A U.S. Marine was honored for pulling a man from a burning vehicle and saving his life on his way to Camp Pendleton in Oceanside.
On Tuesday, Sgt. Kevin Peach, an infantryman with the First Battalion, Eighth Marine Regiment, was awarded a Navy and Marine Corps Medal, according to the U.S. Department of Defense (DoD).
Peach received his award during a battalion formation at Camp Lejeune in North Carolina. DoD officials said he was recognized for pulling a man out of a flaming, overturned car on his way back to Camp Pendleton in Oceanside back in 2015.
“We were driving down I-5 in California heading back to Marine Corps Base Camp Pendleton, and a car pulled out in front of us, swerved, hit a wall going about 65 mph and then rolled a couple of times,” Peach told the DoD.
When faced with an emergency, Peach didn't hesitate. He pulled his car in front of the burning vehicle and rushed to the man's aid, said DoD officials.
“I was scared the entire time, but I saw a lifeless body sitting in the car, and I wasn’t just going to turn my head and do nothing about it,” said Peach. “Then I saw the smoke and knew I only had a certain amount of time before the car caught on fire.”
He attempted to break the windows off the car without success, said DoD officials.
“One of my best friends and I ripped off the back hatch, and I just barreled right in there,” said Peach. “The whole time I was feeling around for other people because I couldn’t see anything. Once I found him, he was tangled up in his seat belt, and I couldn’t get him loose.”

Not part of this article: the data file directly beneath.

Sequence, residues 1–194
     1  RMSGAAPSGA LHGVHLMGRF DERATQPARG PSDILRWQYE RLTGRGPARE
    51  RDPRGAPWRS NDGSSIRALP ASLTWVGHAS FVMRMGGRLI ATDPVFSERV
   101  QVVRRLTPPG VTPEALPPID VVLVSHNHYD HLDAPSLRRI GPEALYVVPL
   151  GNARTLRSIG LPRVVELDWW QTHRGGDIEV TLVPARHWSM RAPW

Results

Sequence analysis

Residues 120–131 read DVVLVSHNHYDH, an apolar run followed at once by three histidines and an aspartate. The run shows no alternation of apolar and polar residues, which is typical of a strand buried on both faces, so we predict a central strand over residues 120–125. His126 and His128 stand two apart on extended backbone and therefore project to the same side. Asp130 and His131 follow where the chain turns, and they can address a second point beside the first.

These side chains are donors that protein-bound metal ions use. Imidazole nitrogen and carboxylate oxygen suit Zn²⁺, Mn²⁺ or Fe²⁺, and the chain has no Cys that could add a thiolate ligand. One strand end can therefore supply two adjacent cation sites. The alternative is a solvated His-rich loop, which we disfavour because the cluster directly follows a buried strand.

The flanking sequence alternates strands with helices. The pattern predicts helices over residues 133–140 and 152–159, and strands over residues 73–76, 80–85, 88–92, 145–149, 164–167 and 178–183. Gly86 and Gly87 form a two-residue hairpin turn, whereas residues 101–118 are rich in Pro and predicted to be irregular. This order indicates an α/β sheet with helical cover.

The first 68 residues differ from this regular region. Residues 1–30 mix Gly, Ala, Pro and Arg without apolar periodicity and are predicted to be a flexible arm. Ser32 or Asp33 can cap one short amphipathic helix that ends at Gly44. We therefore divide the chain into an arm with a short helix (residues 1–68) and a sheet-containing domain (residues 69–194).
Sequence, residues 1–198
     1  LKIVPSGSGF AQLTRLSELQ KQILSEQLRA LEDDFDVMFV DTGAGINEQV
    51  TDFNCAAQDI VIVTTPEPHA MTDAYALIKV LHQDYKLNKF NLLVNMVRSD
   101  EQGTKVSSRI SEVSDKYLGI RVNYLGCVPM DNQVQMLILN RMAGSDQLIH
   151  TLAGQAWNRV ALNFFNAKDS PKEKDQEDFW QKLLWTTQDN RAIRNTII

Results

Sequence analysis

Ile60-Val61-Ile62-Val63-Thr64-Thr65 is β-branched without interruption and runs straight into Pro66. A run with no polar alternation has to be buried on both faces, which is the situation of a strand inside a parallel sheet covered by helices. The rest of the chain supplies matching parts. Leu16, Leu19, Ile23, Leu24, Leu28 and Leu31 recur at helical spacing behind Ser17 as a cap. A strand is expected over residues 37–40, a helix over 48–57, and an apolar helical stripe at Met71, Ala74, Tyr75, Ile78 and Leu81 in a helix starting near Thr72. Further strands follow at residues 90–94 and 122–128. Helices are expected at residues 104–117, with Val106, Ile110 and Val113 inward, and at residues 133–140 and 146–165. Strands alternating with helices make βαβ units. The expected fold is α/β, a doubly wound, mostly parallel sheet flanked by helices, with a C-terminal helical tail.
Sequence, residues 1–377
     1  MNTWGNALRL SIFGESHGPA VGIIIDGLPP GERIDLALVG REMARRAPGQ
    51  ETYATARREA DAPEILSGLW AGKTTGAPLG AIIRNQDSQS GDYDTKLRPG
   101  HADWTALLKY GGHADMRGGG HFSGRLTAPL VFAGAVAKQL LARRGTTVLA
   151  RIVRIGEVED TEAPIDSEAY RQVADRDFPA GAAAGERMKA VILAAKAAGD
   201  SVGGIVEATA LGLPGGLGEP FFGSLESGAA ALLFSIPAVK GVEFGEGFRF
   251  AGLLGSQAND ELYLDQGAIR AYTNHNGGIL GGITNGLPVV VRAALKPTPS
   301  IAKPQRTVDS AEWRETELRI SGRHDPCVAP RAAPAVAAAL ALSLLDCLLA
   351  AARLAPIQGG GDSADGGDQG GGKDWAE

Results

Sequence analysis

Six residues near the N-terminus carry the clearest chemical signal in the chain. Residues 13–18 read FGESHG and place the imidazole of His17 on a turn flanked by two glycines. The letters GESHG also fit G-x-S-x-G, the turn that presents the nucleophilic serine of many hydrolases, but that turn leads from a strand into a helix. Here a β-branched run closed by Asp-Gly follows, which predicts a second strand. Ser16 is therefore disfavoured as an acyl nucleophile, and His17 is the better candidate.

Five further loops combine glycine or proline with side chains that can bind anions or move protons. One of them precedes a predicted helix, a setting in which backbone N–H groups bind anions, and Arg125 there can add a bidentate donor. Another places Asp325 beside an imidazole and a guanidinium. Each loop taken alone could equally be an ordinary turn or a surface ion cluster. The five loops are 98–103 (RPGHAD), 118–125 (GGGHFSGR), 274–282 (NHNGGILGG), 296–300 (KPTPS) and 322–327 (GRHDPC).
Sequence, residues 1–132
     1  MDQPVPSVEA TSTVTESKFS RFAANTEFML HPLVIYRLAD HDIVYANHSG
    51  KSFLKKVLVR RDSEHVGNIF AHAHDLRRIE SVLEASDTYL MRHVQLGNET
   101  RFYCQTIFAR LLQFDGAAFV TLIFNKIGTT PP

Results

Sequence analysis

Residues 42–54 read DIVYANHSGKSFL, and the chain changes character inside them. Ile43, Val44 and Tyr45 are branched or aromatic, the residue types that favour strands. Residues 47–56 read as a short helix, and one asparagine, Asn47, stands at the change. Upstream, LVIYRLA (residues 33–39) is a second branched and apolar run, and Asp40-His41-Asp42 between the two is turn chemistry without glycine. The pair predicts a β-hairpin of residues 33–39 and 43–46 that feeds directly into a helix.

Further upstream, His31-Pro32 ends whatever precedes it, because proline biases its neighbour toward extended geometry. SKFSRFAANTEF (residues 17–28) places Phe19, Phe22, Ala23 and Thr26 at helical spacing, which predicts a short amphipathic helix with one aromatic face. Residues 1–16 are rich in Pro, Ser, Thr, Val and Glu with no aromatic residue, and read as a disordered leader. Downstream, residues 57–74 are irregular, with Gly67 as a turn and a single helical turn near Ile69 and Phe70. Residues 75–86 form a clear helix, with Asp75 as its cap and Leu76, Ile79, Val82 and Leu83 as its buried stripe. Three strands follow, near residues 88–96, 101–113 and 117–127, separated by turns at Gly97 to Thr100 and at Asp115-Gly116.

Then Peach received a flare from another driver who had pulled over to help, said DoD officials. This allowed him to cut the seat belt and carry the man out.
Peach helped the injured man, staying by his side until paramedics arrived. Dod officials said Peach was hospitalized for smoke inhalation after the heroic incident.
“Sgt. Peach is the embodiment of what we look for in our [non-commissioned officers],” said Lt. Col. Reginald McClam, commanding officer of the First Battalion, Eighth Marine Regiment, in a statement. “I’m proud of him, and I know the family that he brought into the Marine Corps by saving their family, is happy he was there.”
DoD officials added that Peach gained a lot more than a new medal after he risked his life to save a stranger.
“I talk to the family every other day,” said Peach. “It feels good being able to help somebody out. It’s not about the awards. I never thought when this happened that I’d get this [award]. I’m just glad I was there and able to help.”